Good cop? Bad cop? |

Good cop? Bad cop?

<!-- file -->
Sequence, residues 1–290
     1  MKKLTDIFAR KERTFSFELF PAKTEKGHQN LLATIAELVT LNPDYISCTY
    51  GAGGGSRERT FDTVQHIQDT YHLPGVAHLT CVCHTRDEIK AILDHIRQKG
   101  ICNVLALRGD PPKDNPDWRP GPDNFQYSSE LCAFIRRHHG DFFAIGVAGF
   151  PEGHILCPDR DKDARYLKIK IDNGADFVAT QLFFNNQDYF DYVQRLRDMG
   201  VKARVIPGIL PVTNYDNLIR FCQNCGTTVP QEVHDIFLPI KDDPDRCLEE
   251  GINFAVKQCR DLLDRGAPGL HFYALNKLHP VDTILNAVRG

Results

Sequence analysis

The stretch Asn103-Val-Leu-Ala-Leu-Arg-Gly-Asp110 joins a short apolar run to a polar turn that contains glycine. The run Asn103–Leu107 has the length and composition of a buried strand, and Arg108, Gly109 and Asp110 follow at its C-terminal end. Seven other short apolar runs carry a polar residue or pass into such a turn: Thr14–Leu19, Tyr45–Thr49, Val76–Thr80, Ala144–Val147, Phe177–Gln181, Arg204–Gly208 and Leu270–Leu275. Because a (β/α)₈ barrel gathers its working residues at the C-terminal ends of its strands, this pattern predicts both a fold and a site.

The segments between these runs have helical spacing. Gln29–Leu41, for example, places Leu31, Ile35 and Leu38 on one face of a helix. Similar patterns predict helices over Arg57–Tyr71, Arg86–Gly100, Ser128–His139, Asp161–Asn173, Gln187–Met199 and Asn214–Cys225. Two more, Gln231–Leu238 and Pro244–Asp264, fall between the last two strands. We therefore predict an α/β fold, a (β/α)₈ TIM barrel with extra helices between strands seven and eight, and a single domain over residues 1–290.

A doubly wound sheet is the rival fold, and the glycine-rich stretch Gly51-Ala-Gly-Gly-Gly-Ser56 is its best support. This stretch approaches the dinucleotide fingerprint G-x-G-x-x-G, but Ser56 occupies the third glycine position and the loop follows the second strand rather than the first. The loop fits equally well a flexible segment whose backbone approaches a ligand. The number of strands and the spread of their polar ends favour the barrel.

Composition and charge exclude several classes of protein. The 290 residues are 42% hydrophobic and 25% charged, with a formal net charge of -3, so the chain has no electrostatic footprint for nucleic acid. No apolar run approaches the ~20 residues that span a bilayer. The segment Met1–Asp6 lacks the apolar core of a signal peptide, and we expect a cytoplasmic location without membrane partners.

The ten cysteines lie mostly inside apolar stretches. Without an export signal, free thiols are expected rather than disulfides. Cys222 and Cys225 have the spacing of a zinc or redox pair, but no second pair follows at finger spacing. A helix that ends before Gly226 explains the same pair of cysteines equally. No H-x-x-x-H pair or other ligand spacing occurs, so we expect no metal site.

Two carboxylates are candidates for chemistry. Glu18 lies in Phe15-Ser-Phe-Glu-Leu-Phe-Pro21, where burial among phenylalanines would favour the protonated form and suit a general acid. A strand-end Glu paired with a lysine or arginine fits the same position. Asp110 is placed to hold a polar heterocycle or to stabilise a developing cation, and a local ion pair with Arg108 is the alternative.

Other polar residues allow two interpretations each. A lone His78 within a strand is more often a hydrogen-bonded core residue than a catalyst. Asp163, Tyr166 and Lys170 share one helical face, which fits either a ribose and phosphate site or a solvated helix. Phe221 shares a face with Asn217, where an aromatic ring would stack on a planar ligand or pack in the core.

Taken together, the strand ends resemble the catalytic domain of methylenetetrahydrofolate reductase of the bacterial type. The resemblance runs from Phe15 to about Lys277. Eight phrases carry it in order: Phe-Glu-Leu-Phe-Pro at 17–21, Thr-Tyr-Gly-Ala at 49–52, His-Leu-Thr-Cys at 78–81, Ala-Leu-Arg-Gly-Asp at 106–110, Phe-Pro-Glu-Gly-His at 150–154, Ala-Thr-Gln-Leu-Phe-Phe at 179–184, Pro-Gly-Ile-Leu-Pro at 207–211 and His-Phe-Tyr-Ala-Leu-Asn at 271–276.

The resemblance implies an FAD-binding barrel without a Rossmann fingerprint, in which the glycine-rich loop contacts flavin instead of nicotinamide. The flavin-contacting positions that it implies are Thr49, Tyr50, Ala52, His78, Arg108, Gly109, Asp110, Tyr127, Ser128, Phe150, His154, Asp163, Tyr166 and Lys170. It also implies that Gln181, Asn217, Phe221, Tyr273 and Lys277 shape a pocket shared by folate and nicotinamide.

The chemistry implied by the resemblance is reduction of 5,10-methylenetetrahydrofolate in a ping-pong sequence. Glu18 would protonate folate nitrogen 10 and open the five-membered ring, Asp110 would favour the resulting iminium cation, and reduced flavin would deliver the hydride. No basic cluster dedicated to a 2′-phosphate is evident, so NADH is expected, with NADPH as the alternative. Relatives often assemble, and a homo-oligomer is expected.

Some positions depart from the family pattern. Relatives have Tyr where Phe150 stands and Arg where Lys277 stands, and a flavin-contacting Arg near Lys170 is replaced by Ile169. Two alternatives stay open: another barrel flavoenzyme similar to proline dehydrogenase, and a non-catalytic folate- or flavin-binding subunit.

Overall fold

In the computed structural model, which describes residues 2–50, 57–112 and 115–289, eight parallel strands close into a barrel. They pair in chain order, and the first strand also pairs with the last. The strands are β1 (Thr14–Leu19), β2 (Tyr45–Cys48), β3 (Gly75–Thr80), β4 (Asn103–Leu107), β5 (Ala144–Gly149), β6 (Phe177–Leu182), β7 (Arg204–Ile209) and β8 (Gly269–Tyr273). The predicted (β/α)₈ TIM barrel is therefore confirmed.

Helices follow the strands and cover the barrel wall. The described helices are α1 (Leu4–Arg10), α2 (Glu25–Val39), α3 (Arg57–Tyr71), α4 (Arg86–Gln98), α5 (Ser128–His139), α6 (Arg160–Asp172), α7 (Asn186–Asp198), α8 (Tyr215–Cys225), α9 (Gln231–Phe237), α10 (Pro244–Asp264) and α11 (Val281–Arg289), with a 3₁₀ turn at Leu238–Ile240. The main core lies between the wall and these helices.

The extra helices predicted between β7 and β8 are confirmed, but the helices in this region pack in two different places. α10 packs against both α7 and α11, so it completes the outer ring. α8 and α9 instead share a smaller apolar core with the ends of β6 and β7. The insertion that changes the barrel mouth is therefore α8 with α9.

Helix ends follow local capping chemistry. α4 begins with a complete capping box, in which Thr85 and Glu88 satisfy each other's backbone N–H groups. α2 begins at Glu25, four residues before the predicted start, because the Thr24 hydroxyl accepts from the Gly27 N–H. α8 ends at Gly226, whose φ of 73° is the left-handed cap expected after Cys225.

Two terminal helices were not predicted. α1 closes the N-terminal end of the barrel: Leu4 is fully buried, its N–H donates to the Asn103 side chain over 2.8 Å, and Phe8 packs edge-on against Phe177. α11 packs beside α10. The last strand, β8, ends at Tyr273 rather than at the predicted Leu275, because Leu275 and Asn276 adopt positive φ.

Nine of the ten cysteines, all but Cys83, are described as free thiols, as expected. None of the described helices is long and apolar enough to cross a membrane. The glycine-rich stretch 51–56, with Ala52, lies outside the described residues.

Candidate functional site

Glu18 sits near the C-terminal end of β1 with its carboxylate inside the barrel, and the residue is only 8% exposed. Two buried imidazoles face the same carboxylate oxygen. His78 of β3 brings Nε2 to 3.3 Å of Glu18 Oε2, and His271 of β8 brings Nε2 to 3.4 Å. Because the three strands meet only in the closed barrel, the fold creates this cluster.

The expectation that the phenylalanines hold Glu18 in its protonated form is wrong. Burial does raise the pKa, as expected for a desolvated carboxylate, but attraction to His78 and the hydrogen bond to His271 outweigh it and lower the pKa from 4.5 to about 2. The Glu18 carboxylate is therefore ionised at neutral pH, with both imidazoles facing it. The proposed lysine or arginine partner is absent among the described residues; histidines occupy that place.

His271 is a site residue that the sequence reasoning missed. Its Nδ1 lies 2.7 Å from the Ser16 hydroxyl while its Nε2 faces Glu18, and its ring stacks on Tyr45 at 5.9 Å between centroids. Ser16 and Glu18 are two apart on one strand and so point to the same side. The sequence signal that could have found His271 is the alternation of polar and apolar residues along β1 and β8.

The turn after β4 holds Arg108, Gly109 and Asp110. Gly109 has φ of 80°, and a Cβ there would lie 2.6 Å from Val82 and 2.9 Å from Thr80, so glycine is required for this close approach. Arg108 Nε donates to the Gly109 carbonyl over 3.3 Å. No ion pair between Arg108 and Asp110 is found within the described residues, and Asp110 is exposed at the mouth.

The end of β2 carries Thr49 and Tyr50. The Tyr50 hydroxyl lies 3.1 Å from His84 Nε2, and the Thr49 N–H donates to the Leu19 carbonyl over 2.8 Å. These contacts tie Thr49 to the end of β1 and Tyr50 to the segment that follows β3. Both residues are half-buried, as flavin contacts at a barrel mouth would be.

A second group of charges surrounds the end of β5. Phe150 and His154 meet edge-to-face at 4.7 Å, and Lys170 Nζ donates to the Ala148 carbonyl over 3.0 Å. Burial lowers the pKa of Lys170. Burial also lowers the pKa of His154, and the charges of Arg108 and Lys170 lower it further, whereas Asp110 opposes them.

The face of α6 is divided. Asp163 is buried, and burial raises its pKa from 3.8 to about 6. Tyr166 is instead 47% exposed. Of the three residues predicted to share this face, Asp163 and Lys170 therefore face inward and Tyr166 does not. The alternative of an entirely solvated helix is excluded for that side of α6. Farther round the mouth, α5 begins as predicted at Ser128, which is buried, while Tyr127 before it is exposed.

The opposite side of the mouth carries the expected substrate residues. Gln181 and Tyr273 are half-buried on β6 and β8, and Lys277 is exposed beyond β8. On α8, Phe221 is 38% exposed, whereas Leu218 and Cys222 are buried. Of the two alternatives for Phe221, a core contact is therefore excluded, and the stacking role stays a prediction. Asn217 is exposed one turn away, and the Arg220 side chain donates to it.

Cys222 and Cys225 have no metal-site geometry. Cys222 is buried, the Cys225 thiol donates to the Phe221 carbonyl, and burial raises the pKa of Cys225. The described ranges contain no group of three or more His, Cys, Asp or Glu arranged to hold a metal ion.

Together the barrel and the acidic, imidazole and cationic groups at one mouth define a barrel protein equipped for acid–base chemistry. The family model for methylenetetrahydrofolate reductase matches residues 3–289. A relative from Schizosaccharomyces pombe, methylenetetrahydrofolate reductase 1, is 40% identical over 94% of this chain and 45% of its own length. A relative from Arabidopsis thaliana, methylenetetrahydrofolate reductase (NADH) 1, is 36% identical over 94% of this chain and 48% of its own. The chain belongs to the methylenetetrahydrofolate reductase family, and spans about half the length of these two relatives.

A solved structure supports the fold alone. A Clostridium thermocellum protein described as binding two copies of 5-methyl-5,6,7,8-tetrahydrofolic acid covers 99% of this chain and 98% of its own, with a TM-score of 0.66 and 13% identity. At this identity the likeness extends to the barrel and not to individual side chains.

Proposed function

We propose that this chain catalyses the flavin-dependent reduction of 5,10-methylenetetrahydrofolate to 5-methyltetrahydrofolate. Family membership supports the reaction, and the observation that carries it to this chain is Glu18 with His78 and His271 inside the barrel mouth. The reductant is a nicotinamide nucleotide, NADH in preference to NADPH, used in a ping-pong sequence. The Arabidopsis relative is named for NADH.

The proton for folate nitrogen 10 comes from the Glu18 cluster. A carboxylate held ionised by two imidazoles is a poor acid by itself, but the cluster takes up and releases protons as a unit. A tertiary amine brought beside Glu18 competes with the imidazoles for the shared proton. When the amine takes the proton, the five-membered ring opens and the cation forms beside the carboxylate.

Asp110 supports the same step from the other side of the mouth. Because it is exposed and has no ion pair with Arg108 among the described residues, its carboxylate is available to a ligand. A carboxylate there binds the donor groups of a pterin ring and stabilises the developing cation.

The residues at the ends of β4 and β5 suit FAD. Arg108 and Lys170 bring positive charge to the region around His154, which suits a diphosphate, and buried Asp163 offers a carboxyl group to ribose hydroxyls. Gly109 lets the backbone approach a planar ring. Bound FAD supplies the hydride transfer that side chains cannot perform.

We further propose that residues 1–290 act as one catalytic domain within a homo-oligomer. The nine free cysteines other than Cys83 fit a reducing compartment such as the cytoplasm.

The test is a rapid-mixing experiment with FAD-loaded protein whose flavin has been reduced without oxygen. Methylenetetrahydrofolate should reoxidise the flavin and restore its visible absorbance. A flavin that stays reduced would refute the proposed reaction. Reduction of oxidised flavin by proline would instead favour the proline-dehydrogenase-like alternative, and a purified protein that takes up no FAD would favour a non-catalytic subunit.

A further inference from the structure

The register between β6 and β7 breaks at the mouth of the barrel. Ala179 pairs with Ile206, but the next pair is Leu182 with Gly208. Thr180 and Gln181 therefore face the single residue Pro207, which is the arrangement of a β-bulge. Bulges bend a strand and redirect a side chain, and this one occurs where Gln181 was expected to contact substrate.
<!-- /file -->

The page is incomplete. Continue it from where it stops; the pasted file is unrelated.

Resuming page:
For years, former Los Angeles Police Department Detective Mark Fuhrman blended in with tourists and locals during his regular visits to North Tahoe.But after his controversial testimony in the O.J. Simpson trial thrust him into the national spotlight, Fuhrman’s anonymity vanished.Sierra Sun senior publisher Bill Kunerth caught up with Fuhrman at Gar Woods Grill & Pier this summer and took the opportunity to ask a few questions about the infamous murders, Fuhrman’s new book, the LAPD and life after O.J.As a cop, Mark Fuhrman was more than prepared when he received a call to investigate a double homicide in Brentwood on June 13, 1994.Fuhrman, who was born in Tacoma, Wash., joined the LAPD after serving in the Marine Corps, where he rose to the rank of sergeant. In the police academy, he graduated second in his class. As a beat cop, he spent four years working in the rough neighborhoods of South Central Los Angeles and was promoted to detective status in 1988. In total, he spent 20 years on the police force and received 55 commendations.But nothing could prepare Fuhrman for the series of events that would follow that fateful day.History will remember Fuhrman for his pivotal testimony in the O.J. Simpson murder trial. The public will likely forever remember him as the cop who lied about saying the “n” word.Fuhrman remembers the murder scene and his role in the infamous trial in his recent book Murder in Brentwood.In his book, Fuhrman said he and his partner, Detective Brad Roberts, were first on the crime scene. Fuhrman, having no initial idea of who was involved or who the victims were, said he systematically reviewed the crime scene, taking detailed notes.When lead detectives Phil Vannatter and Thomas Lange took over the case, Fuhrman handed the notes to the detectives who took over the investigation.According to Fuhrman, his notes indicated that there was a distinguishable bloody fingerprint on the lockset of the Bundy residence. Fuhrman contends, however, that Lange never looked at the notes and did not realize until three weeks after the murders that the fingerprint had not been examined.Fuhrman also said that he and Detective Roberts found an open Swiss Army knife box in O.J. Simpson’s bathroom, but this piece of evidence was never pursued.Fuhrman, who now makes his home on a ranch in Sandpoint, Idaho, agreed to an interview with the Sierra Sun in June.The following comments are highlights from Kunerth’s conversation with Fuhrman:SS: What brings you to Lake Tahoe?Fuhrman: I have good friends from Napa Valley who have a cabin here. I’ve always liked Lake Tahoe and have been coming up here 12 years on a regular basis. When the Simpson fiasco isn’t going on, I usually come up twice a year.SS: You recently came out with the book Murder in Brentwood. What inside information or insights do you have in your book that the others don’t?Fuhrman: This is the only complete book about the investigation. Detectives Lange and Vannatter wrote theirs to basically come up with excuses of why they didn’t take evidence, why evidence wasn’t looked at, why search warrants were bad and why interrogations were incomplete and incompetent. And I don’t have to do that, because no matter what anybody says about me, I was a good detective.SS: Is there one single point where this case was lost by the investigating team of Vannatter and Lange?Fuhrman: Yes. When Vannatter stuffed my notes in his briefcase and never read them. We had a fingerprint in blood. You don’t have to be a detective to understand something. You’ve got a fingerprint that everybody has recognized for decades as absolute ID. Now it’s in the guy’s own blood and DNA’s got to be what, one in 57 billion? I mean how much more inclusive can you get?Now if you have that and you’re the defense attorney, how are you going to explain, because it, one, puts that cut finger occurring at that night, at that time, and he’s at the scene now. It’s not just blood, it’s not a drop, it’s his fingerprint. It’s not somebody dropping a vial of blood. What do you do? You either make an excuse that he was there and trying to help the victims when they were being assaulted, or you cop a plea. but you are in very, very, muddy water right then.SS: Even with the tainted evidence, didn’t the prosecution still have a mound of evidence to still use in the case? Where did they go wrong?Fuhrman: The prosecution had to first live with what Vannatter and Lange brought them. They lost the fingerprint, they wrote a terrible search warrant, they lost half the evidence at Rockingham, they made a terrible judgment on the knife they ignored the evidence of the Swiss Army knife, which was so powerful.(There was evidence of) him acquiring a bag full of (Swiss Army) knives three days before the murder and his statement (to the chauffeur) that this knife, and he unfolds one ‘this knife could hurt someone this knife could kill someone.’Those things with the knife box and no knife are more powerful than having the bloody knife with all the victims’ blood on it in his house, an empty box of the very knife that fits in that box, that he acquired three days ago, but is not there matches all the wounds to the body. Now the obvious question is ‘Where is the knife, Mr. Simpson?’ Its absence, but evidence of its presence, is more powerful than finding it because it implicates his guilt.I think they (the prosecution) were overconfident at the mountain of evidence they had DNA wise I think they were overconfident and they relied too heavily on the DNA and they didn’t really address issues that became big sticking points.SS: The defense accused you of planting the glove and the LAPD of conspiracy in planting evidence. How do you refute that?Fuhrman: Oh, it’s easy. I’m the only person who couldn’t have done it. Even if it was possible. I found the bloody fingerprint. I put it in my notes. I made documented proof of a person who was there. Whether it was the suspect, another victim or a witness they were there, right? They had blood on them. That means they were at the murder, or shortly thereafter and bleeding themselves. I’m the only one who brought forth a piece of evidence that would make it absolutely impossible for me to even think of tampering with anything.But once Vannatter and Lange don’t read the notes, you lose the fingerprint, and that becomes a lost issue. Marcia Clark can’t do anything with it. Clark admits they didn’t read my notes, which means they fessed up to her, which eliminates that whole argument, because then, ‘OK. What happened to the fingerprint?’ (And the response is:) ‘Well, we didn’t read the notes.’ Now their two lead detectives are incompetent. But at every corner they had to do that. If you did any research, you’ll find that my testimony stopped with my discovery of the glove. Why? I’m making observations that whole day.SS: What went through your mind when you found the glove?Fuhrman: The first thing I thought of? I mean youlook at it and think ‘some old gardening glove.’ I mean this is it can’t be. You look closer and it isn’t dirty. It looks damp. It looks sticky and it looks like the glove at Bundy. Who left it here? And then it kind of hits you like when your face flushes with blood, like when fear hits you. Like that. Is somebody watching? Did somebody leave that there six hours ago? Ten hours? Five minutes ago? Or five seconds? So when I walked past the air conditioner and hit spider webs, that means nobody’s walking upright. I see no drag marks, but I still have to check it out.SS: When did you start thinking that O.J. was a suspect?Fuhrman: He became a suspect as soon as I found the glove. I was standing out in the driveway and Detective Phillips came out and he told me, because he had talked to Simpson on the phone, that Simpson left last night around 11 o’clock. We already knew what time the Akita was found and probably bracketed some of the time of death. We just looked at each other. We both thought the same thing. I mean could this be possible that O.J. Simpson is a suspect? Because we’ve got blood at his house, we’ve got a bloody glove in the back, we’ve got him not here him leaving at 11 o’clock, and there’s blood on his Bronco. He’s a suspect. And if he’s not a suspect he needs to be interviewed because he knows who the suspect is. So, of course, everything focused on him from that point.SS: What do you think happened on the night of the murders?Fuhrman: We know he stalked, and controlled her. We know he hid out in front of her house. This is all post-murder information. He had a stocking cap, which is not incredibly suspicious since half the city of Los Angeles wears a stocking cap when they’re out at night. The gloves, I can’t say why he would or wouldn’t wear gloves. Maybe his hands got cold. We know he had arthritis, maybe that bothered him. He’s going to be sitting in the bushes watching her with a date. Candles are burning.If he went over to stalk her, like I truly believe he did, a lot of people say, ‘What about the knife?’ Well, the stiletto wasn’t the murder weapon. That’s absolute. The Swiss Army knife was. My wife has one, I have one, everybody I know has one. O.J. was a spokesman (for the manufacturer of Swiss Army knives). The knife isn’t too hard to explain. I’ve used a knife of similar size to get into every metal gate that I ever responded to at an apartment building or house that’s got a metal gate, so I didn’t have to let the people know I’m there.I think Nicole was inside in the upper family room, and she heard him park in the back. The reason I concluded this is that there was a phone up there and on the coffee table there was one menu from California Pizza Kitchen. That struck me as odd because there’s another menu that’s underneath her right leg. Lange blew that off as a takeout menu that somebody put in the yard.She was looking at both menus, she saw him, she bolted for that door with that menu in her hand. She got outside, she threw the door open, she walked outside and he’s there.The medical examiner said she was struck on the top of her head. Three feet away there’s a stationary fence with a big metal pipe fence. If he would’ve shoved her and she hit the top of her head on there, it would’ve looked almost exactly the same as a blunt-force injury. She would’ve bounced off and landed exactly where she ended up.If that truly happened, (Ron) Goldman is the one he hears coming up. He hides in the bushes, Goldman runs in, sees her down, sees no blood and cradles her head cradles her head to see what’s wrong. Twenty-five hairs (of hers were found) on his (Goldman’s) shirt. Where did he get those? He just came from work. He got them because he cradled her head. Simpson sees this. This is her lover; we know he’s got an incredibly – raging doesn’t even sound sufficient – but he is out of control.He comes down there, wraps his left arm around Goldman while he’s down there. Now Goldman is on the defense. He doesn’t have a knife, he’s got a guy choking him, he goes for the arm choking him and pulls the glove off. The left glove goes down, and he reaches back for (Simpson’s) head and stocking cap. The fight’s on. (Goldman) is stabbed in the right side of his body, which shows he had his arm up. He’s trying to pull the arm off, and he gets stabbed three times. Simpson cuts his throat and cuts his own finger in the process.(Goldman) was stabbed within 10 seconds on the right side, and one of them was lethal. So he’s already bleeding badly and not only that but his right lung is punctured. It’s over in a minute.SS: Then Simpson went over to Nicole?Fuhrman: He had to because the fight wasn’t in her blood. He had to, because her throat was cut through to the spine. That would’ve put out enough blood that people would’ve described it as gallons, and they would’ve fought in that blood. Had they fought in that blood, they would’ve fallen down.I think he went back to Goldman to make sure he was dead after he killed Nicole. You’ve got the heel print that’s definitely in her blood.SS: Could Robert Shapiro have won the case without bringing in Johnny Cochran?Fuhrman: Yes, with that jury. This is where hindsight comes in, because I actually thought the jury would do the right thing. But in hindsight when I listen to them I realize that, one, we were asking them to do something – and I still think they should do it, because it’s their job or else don’t be on a jury – but we were asking them to go back to areas of the city that looked at O.J. Simpson as the No. 1 black hero in this country. And we are asking them to go out there, convict him and send him away to life in prison. I don’t think it was going to happen. That is not the criminal justice system, it’s not even the jury system. It comes down to what kind of people have we created that will allow murder to be less than ‘I like football.’SS: How much effect did the Rodney King trial have on the O.J. case?Fuhrman: I think it had a lot of effect, but it had absolutely nothing to do with it. I think Rodney King has absolutely nothing to do with race.SS: Give me your play on that incident. Were you on the force during the Rodney King beating?Fuhrman: It looks bad, but tell me a good way to beat up somebody. This is my play as a citizen: Rodney King is driving down the freeway – I don’t care if it’s 75 or 175, because he’s driving erratically and 75 is too fast for that little car he was driving. He attracts the attention of the police, and the police try to pull him over. He doesn’t pull over, so they’re in pursuit. They get the car stopped and his two friends are also black. They take them into custody without incident. But Rodney King wants to fight.There’s a point where adrenaline and maybe size comes in and yeah, there’s a point where – and I’m not saying they did or they didn’t because I have not seen the tape from beginning to end and I did not hear all the evidence – but from what I know from being involved in a lot of situations is, yes, there can be times when somebody goes one too far with one too many kicks or punches or whatever. That comes down to being human but they didn’t stimulate this. It wasn’t like the police are driving along and say, ‘Oh, let’s go talk to that guy. Let’s start shoving him around, let’s take him.’ That’s not what it was. These guys are just going to get a cup of coffee and this guy comes (roaring by) and they pull him over.So he wasn’t singled out because he was black. He singled himself out for being a jerk. So, Rodney King for whatever reason, PCP, mental illness, a lack of judgment, he wants to fight.SS: But you wouldn’t condone the beating?Fuhrman: I wasn’t there and I haven’t even heard the audio of the commands. I haven’t heard what was going on. But I think a lot of people better understand that if we still had the choke hold in the LAPD, this would’ve been a 10-second incident. Just somebody take out his lights, another guy get on him, choke him out, handcuff him and put him in the car. Over.SS: You worked in the ghettos. What is that experience like and is there mistrust between the neighborhood people and the cops?Fuhrman: No. Good people of any minority want you chasing down the gang members, drug dealers, burglars and robbers. And, yes, they’re not going to come out and be an informant, but they’ll help you out when they can. They want you there, whether they say so or not.It’s easy to work the ghetto, because it’s very clear who the good people are and who’s just out there and you know they are doing something but you can’t put your finger on it.The good people of any community are at home watching TV and the kids are doing their homework and you don’t see them. You work day watch and you see them. I worked day watch for about four months in the 77th division and you get invited in for coffee and talk to people in their front yard. They’re having a barbecue and you get invited in. The people are just like you. It doesn’t matter what color, but you don’t see that at night. Predominantly, 12 years out of 13, I worked nights.A lot of people are held hostage in the ghetto. There’s reasons there’s bars on the windows, there’s a reason people don’t turn their light on or look out the window when they hear gunshots. I feel sorry for those people.SS: In your book, Chris Darden asked half kiddingly, ‘Now you haven’t used that word in the last 10 years?’ So he was preparing you for that testimony. When they, the defense team, asked you if you had used the “n” word in the last 10 years, you said you hadn’t. Why did you respond like that?Fuhrman: First thing is it had nothing to do with the tapes. I hadn’t even thought of those in years. I hadn’t even thought of the screenplay selling. We had an agent. It was copyrighted. It was done. It just wasn’t going anywhere. I hadn’t even thought of that, but people ask how could you not? But it’s not like you murdered someone and buried them in a shallow grave. It’s like I was writing a fictional screenplay. That’s a freebie, and you say whatever. It’s like, would you worry about what you wrote in your diary? It’s not something that haunted me or weighed on me heavily. I never thought about it, and if I did I would’ve told the prosecutors.SS: If you had to do it over again, how would you have testified?Fuhrman: Of course I would’ve said ‘yes’ but now you have an LAPD detective there admitting he uses the word in L.A. that everybody hates the most. And where’s my career going? Doesn’t make any difference.SS: What are the ramifications of your no contest plea (to the perjury charge)?Fuhrman: Of course probation. I have to obey all laws, and of course I did that. That’s not a tough one to follow. I can’t vote. I can’t have guns. I have to notify my parole officer if I’m going out of state. There are inconveniences. Yes, I’ve never been in the woods since I was eight years old without a rifle. Yes, I’ve hunted all my life. But you know, what’s the old saying, ‘I complained I didn’t have shoes until I saw a man with no legs.’ You pick up the pieces and you just go on. I’ll do something about it in the future. If I get a pardon that’s fine. But for the very least I’ll get my record expunged.SS: What’s the toughest question you’re asked and how do you respond to it?Fuhrman: “Do you miss being a cop?” It’s one of those questions when asked I think about all the partners I had. Think of all the good times. Think of all the satisfaction I got from catching guys. I loved the chase. I just love tracking people down. I was going to do that in the private sector. I even had an offer to be an international bounty hunter, too. That was kind of a loose one (laughing.)SS: What are you doing now, and are you getting your life put back together? What’s the future of Mark Fuhrman?Fuhrman: I might write another book about another real homicide. It’s the only way I can be a detective. And I’ll be really frank about this, I don’t need it. I don’t need to have notoriety. I don’t need to be on TV, but if somebody thinks I can write something of value analyzing or breaking down a case that’s already been solved or never been solved, it would be really rewarding for me.SS: You’re now living in Sandpoint and have a farm?Fuhrman: I could spend everyday working on that place, riding horses, working on tack, taking care of the animals. That’s a full-time job. I’ve got something to do and I’ll always have something to do.